Cyber Security

How does afterlife look like in cyberspace?

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Death is a tragic occurrence, especially to the people who have lost a loved one. But reality tends to be merciless in certain cases. Over the years, we have seen a surge in identity theft cases that has specifically targeted the dead, and leaving the families distraught.

As a commoner in 21st century, it is obvious that a person is bound by the virtual world. With various social media accounts revealing different pieces of information (vulnerable information stored in vulnerable places) a user is an open book to thousands, if not millions. The possessions we leave behind after death has just seen a hike with the inclusion of these digital assets. It is not enough anymore to just take care of the legal/official stuff.

The digital world solidifies your whereabouts, sometimes forever, if not handled properly. The social media platforms where we spend most of our time (alas!) leaves us vulnerable in this regard. The question is “are they doing enough to protect our data once we are gone?”.

Only a few social media tycoons have taken the necessary policies to ensure a legitimate process of shutting all access to a dead one’s account. Google helps you designate an inactive account manager who is notified when your account has been inactive for a specified amount of time and gives access, only if you choose to, to your private data. The intention behind this is to let your confidante (Google verifies this person using a contact number) to delete or protect your account after your death.

 Facebook follows suit by letting you assign a “legacy contact” who is entrusted with the responsibility to either memorialize your account or delete it permanently once you are gone. An account that is memorialized flags the account and shows Remembering in front of the user’s name. The account and its content will be intact but it won’t appear on suggestion lists or in birthday reminders.

However, what these platforms don’t entail is what happens next if the designated manager/contact becomes unavailable for their own reasons. This puts the account in a digital limbo, and accounts like these (that have been dormant for long) become susceptible to privacy breaches. In some cases, it is not just identity fraud that is at play. The hacker could emotionally target the dead person’s close circle putting them in a vulnerable place. One example is of a woman who received FB texts from a dead friend’s account. The fraudster impersonating as her friend was using the account to harass her. Even if she knew she could block the account or report it, she hesitated as it was the only remaining connection to her friend. This is an unsettling experience but situations like these are rampant than it appears to be.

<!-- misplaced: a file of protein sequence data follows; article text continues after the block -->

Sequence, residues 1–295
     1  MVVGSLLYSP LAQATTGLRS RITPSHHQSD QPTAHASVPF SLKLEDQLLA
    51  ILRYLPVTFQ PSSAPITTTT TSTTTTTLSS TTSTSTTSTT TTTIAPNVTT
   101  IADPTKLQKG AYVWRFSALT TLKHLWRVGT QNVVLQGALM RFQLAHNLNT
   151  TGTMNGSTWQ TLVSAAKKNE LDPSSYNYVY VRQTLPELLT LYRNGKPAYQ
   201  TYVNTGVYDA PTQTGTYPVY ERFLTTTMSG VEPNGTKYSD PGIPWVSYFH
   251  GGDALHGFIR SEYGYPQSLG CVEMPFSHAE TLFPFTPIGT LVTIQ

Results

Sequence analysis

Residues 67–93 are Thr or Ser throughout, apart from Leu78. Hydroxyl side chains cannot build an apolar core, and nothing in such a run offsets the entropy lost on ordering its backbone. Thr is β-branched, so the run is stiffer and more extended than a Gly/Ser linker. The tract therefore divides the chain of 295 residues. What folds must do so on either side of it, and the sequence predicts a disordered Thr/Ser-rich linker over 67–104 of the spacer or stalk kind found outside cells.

This possibility of misuse also applies to close ones who have legitimate access to the deceased’s account. For instance, a former partner with malign intentions could take advantage by using the account in a way that the deceased might not have approved of.

Coming back to our options while alive, studies show that it is not easy for users (in most cases) to implement necessary steps due to a lack of technical skills. This is made harder by the host platforms as such options are either not explained properly or are lost in the array of settings which in itself could be daunting. This responsibility falls on the companies as they have the know-how to create awareness amongst the users.

To explore a different aspect of this issue, the legal side of this debate is even more fuzzy. Unless you have clearly written everything down in your will that includes your digital assets, your account(s) online may suffer. Your content, in most cases shared with multiple people, makes things complicated. If you have a selfie with your friend who is tagged, whom does it really belong to? Do you own it partially with that friend? Or do you have full rights to it? This makes the social networking content (digital content) a pedantic enterprise.

There are certainly many loopholes when it comes to effectively installing the necessary policies to manage afterlife accounts. Unless all valid issues that could arise aren’t properly taken care of, the accounts of the dead remain vulnerable.

The best thing to do in the face of such complexity is to manually find the options that will help you successfully end things gracefully. Assign a confidante who can take care of things once you are gone. Simple steps can go a long way.

Theertha Dhanesh
A novice in cybersecurity aiming to promote discussions in privacy and security related areas, and helping users to understand the intricacies of this world a little better.

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